It’s International Poetry Day
And thus I just popped in to say
That I used to write a lot of it
Before realising it was mostly shit.
Sometimes when you write for an audience you learn a few things about yourself. When I was doing my A-levels I wrote poetry as a way of expressing the angst of a lovesick teenager. Odes to girl-of-the-week (that’s a little harsh; there were only three or four) flowed off the tongue with all the usual mixed metaphors and ill-advised cliches; next week it would be someone else. It was like that Stevie Wonder album where each song is dedicated to a different girl, something The Beautiful South parodied in ‘Song For Whoever’. Rosalind? I have forgot that name, and that name’s woe.
Of the substantial block I wrote over the next four or five years there is only one that I still like; everything else is garbage. The moment I realised this was the moment I started doing performance poetry, and adapting my writing style to suit the ageing beatniks who hung out in the local arts centre; they were a good crowd and one of them is a very talented published writer whom we always knew was destined for greatness. I got on with them, but found the poetry was suffering. It seemed a little more egocentric, more applause-orientated, than the other stuff I’d written – carefully laid-out free verse that was designed to be looked at, rather than heard. So I stopped. Years later I went back and realised the free verse was similarly dreadful. I make no apologies. Sometimes these things are like a bad curry; it’s simply a matter of getting it out of your system.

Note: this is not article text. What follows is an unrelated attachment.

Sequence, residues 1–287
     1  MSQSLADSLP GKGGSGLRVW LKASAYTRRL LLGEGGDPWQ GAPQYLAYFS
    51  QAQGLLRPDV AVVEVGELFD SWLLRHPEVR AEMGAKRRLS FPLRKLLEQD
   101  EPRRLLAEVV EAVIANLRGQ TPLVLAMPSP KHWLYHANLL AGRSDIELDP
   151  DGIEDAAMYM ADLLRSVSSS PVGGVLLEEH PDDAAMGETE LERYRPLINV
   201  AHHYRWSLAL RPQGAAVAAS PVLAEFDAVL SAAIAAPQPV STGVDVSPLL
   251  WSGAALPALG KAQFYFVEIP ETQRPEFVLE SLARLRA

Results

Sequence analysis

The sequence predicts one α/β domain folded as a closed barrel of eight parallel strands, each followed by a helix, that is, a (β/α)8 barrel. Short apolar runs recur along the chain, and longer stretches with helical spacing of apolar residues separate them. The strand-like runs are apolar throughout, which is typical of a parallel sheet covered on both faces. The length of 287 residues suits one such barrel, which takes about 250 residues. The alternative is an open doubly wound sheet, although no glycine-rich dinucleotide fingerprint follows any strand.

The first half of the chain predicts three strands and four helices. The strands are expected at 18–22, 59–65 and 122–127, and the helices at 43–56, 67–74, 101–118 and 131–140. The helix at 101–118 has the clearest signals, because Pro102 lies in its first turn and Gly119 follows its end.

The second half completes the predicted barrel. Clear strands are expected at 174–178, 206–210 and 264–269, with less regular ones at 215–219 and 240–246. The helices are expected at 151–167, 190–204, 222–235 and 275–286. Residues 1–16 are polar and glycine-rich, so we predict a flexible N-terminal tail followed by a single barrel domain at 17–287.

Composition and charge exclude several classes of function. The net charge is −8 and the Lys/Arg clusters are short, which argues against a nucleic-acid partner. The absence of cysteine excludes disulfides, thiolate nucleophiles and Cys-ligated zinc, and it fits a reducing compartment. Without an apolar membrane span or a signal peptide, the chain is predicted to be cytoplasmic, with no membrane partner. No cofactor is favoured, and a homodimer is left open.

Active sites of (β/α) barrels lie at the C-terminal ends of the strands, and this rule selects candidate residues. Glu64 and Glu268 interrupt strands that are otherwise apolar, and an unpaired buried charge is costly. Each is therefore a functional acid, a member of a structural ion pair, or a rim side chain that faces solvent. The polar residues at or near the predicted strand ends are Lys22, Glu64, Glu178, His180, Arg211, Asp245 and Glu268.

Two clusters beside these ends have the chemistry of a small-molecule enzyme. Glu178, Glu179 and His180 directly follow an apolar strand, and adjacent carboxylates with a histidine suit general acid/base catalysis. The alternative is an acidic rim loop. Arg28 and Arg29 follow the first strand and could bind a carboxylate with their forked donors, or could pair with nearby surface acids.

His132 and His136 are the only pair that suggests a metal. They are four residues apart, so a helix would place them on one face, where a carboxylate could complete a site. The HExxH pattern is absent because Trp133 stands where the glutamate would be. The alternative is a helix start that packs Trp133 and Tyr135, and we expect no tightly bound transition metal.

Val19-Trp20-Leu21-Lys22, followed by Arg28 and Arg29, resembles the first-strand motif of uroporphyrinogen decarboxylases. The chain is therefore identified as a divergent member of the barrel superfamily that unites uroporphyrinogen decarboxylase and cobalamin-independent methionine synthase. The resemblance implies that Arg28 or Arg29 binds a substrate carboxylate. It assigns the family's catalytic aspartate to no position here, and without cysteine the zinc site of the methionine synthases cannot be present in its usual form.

So I have no idea what’s new in poetry or what people are listening to; I just go back to the old favourites: Duffy, Heaney, Hughes, Hart Crane, and e.e. cummings (a few feet away, on my pine bookshelf, sits his collected poems, the title scandalously capitalised). These days I stick to the prose. I don’t even write songs anymore. A little streamlining never hurt anyone. “You should stick to what you’re good at, and I’m good at being a priest.”
My regular readers (both of you) will recall that a while back I did a crowd-sourced short story that involved people adding a sentence at a time until we had something tangible; I then added a couple of pictures and Brigadier’s your uncle. Today’s exercise is even more bizarre: I had the group submit random numbers. Any number they liked, as long as it came between 1 and 300. The thread swiftly exploded and I managed to get all the data I needed in a matter of minutes.
And then, using a bizarre and convoluted system that only I understand (and will not explain) I mined the transcripts (thanks, Chrissy) and pulled out the corresponding dialogue. And here, for the benefit of the general public, is what may be the world’s first crowd-sourced Doctor Who poem. Also possibly the last.
Here we go…
Wilson’s dead. Inform the Emperor Dalek
it slipped my memory. You see, I’m going for a little trip myself.
Oh, yes, yes, indeed, yes.
Is that you, Yates? Where are you?
So they’re abandoning us. They’re not even going to try
and seal the shaft. Deja Vu.
You’re sure he’s still in bed?
You are interrupting me. There’s nothing to forgive
No doubt, I shall join them.
Just get down here. Come to me.
Where am I? Let me out!
Of course I’m real. Do you know
what I did for a job when they threw me out of school?
Go along and see. Go along and see.
– Well, possibly she’s taking a stroll in the garden.
– What do you mean?
– I mean, I suppose it’s time I should be going.
– Yes, I know, but he was trying to help you.
Hey hey! Mama mia! Bellissima.
All right, I’ll take it. Greyhound
to Trap One. We will survive. We will survive. Now you will help us.